And the chief butler told his dream to Joseph, and said to him, In my dream, behold, a vine was before me;

Behold a vine was before me. In this dream processes of vegetation, as well as a series of human actions, are compressed into a brief space, which would take a long time to bring to completion (cf. Zechariah 4:2; Zechariah 4:12); because while the mental eye of the dreamer was contemplating the vine, it attained the successive stages of budding, blossoming, and producing ripe grapes [ w


Verse 10

And in the vine were three branches: and it was as though it budded, and her blossoms shot forth; and the clusters thereof brought forth ripe grapes:

And the clusters thereof brought forth ripe grapes , [ hibshiyluw (Hebrew #1310) 'ashk


Verse 11

And Pharaoh's cup was in my hand: and I took the grapes, and pressed them into Pharaoh's cup, and I gave the cup into Pharaoh's hand.

And I took the grapes and pressed them into Pharaoh's cup. The visionary scene described seems to represent the king as having been taking exercise abroad, and, on his return, being attended by his butler, who gave him a cooling draught. On all occasions the kings of ancient Egypt were required to practice temperance in the use of wine (Wilkinson); but in this scene it is a prepared beverage he is drinking, probably the sherbet of the present day. Everything was done in the king's presence-the cup was taken up, the juice of the grapes pressed into it, and it was then handed to him-not grasped by the butler, but lightly resting on the tips of the thumb and the fingers.


Verse 12

And Joseph said unto him, This is the interpretation of it: The three branches are three days:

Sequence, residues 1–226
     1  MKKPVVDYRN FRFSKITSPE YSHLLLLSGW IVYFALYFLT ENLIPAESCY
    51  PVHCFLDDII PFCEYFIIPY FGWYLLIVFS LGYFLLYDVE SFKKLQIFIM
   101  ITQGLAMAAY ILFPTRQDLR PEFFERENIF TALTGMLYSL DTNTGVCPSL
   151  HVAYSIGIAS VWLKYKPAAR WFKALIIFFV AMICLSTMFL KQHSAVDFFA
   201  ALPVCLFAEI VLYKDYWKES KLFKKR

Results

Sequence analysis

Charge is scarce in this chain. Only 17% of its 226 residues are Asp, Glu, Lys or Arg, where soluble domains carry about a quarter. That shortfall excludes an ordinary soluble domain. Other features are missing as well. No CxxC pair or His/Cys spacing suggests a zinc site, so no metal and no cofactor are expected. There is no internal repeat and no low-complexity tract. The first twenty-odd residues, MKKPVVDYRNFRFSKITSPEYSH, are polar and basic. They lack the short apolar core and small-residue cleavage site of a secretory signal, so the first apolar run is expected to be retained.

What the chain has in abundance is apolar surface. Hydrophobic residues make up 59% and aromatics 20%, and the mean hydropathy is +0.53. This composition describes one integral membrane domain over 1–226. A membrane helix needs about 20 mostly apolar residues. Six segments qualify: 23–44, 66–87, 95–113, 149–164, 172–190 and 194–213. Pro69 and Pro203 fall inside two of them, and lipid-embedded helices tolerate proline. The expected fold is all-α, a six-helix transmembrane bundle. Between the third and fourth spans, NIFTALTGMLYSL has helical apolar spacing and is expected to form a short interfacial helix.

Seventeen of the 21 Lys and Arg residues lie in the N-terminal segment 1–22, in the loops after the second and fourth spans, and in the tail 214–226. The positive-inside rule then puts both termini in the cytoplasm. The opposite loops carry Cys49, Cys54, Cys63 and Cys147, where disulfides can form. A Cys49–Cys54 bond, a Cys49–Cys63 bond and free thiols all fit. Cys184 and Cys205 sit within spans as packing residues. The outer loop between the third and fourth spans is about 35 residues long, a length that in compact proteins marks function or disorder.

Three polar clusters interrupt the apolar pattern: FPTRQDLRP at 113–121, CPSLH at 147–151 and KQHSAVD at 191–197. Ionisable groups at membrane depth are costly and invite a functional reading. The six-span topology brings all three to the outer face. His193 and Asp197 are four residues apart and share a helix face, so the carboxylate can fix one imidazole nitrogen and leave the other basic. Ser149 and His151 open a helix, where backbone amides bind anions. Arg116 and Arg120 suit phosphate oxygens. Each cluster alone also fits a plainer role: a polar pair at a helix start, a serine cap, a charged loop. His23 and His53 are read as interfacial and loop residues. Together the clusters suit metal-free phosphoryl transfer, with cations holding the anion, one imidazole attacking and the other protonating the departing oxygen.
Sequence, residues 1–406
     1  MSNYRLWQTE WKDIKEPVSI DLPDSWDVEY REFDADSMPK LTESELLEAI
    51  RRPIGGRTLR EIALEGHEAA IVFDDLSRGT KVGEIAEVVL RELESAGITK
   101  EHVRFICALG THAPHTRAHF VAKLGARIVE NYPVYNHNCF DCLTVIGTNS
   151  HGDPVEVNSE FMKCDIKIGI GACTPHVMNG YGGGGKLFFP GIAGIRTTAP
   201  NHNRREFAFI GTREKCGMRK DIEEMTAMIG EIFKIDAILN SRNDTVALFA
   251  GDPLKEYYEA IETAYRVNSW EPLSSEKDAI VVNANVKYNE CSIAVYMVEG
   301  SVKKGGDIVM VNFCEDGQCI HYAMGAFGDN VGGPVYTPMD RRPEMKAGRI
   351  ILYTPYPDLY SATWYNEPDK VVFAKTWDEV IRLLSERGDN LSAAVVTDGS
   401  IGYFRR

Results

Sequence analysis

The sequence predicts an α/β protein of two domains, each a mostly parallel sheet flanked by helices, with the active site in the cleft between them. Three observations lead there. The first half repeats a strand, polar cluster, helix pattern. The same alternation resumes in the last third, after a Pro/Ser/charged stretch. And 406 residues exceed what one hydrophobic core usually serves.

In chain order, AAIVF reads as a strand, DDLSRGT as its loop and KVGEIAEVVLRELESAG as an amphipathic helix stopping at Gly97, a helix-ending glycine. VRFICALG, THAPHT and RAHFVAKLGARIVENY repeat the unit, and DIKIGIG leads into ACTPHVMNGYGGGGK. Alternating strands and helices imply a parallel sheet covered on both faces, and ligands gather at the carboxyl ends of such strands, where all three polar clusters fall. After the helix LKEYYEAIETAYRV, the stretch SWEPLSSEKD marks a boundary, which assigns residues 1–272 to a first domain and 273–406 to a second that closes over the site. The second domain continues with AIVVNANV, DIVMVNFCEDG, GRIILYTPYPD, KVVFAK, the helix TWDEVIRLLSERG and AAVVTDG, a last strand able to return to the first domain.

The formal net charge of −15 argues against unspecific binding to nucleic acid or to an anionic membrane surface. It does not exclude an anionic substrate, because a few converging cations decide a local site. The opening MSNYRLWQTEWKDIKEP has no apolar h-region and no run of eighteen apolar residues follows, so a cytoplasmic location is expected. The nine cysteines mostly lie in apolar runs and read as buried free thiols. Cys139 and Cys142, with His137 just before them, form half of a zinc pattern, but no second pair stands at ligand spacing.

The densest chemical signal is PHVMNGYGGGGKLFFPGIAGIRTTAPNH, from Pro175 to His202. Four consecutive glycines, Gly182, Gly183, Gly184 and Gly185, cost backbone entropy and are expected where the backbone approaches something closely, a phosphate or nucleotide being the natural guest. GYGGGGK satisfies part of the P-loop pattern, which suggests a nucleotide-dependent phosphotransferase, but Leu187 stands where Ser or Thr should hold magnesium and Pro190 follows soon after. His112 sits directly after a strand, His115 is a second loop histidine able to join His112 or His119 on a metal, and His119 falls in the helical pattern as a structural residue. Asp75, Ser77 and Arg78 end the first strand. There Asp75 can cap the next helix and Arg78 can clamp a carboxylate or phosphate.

Joseph said unto him, This is the interpretation. Speaking as an inspired interpreter, he told the butler that within three days he would be restored to all the honours and privileges of his office.

The three branches are three days. In all symbolical propositions the persons of the substantive verb-am, art, is, are-whether expressed or understood, as it is here, are the copulative, showing the relation between the type and the antitype. The three branches signity three days (Matthew 26:26; Luke 8:11).


Verse 13

Yet within three days shall Pharaoh lift up thine head, and restore thee unto thy place: and thou shalt deliver Pharaoh's cup into his hand, after the former manner when thou wast his butler.

Shall ... lift up thine head , [ yisaa' (Hebrew #5375) ... 'et (Hebrew #854) ro'shekaa (Hebrew #7218)] - will lift up thy head-namely, out of prison, which in the East was frequently under ground. (See the phrase fully expressed, 2 Kings 25:27.) Rosenmuller translates the words, 'Pharaoh shall count (reckon) thee (cf. Exodus 30:12) - namely, among his officers.' The Septuagint has kai mneestheesetai Pharaoo tees archees sou and Pharaoh shall remember (think of) thy office (service). While making that joyful announcement, he earnestly bespoke the officer's influence for his own liberation.


Verse 14

But think on me when it shall be well with thee, and shew kindness, I pray thee, unto me, and make mention of me unto Pharaoh, and bring me out of this house:

No JFB commentary on this verse.


Verse 15

For indeed I was stolen away out of the land of the Hebrews: and here also have I done nothing that they should put me into the dungeon.

I was stolen - i:e., carried off by secret violence, and not exiled in consequence of crime.

Out of the land of the Hebrews. The neighbourhood of Hebron might be so called from the long residence, the immense substance, and the powerful influence of the patriarchs among the Canaanite tribes (Genesis 14:13; Genesis 21:23; Genesis 23:6; Genesis 26:14; Genesis 29:14; Genesis 34:1-31; Genesis 39:17). The Hebrews, as an appellative applied to the patriarchal emigrants into Canaan, was, as Gesenius has remarked, the name current in Egypt and among foreign nations.

Into the dungeon , [ babowr (Hebrew #953)] - in the pit, or prison (see the note at Genesis 37:22). Nothing has hitherto met us in the record indicative of Joseph's feelings: but this earnest appeal reveals a sadness and impatient longing for release which not all his piety and faith in God could dispel.

The circumstances mentioned exactly describe this officer's duties, which, notwithstanding numerous assistants, he performed with his own hands.


Verse 16

When the chief baker saw that the interpretation was good, he said unto Joseph, I also was in my dream, and, behold, I had three white baskets on my head: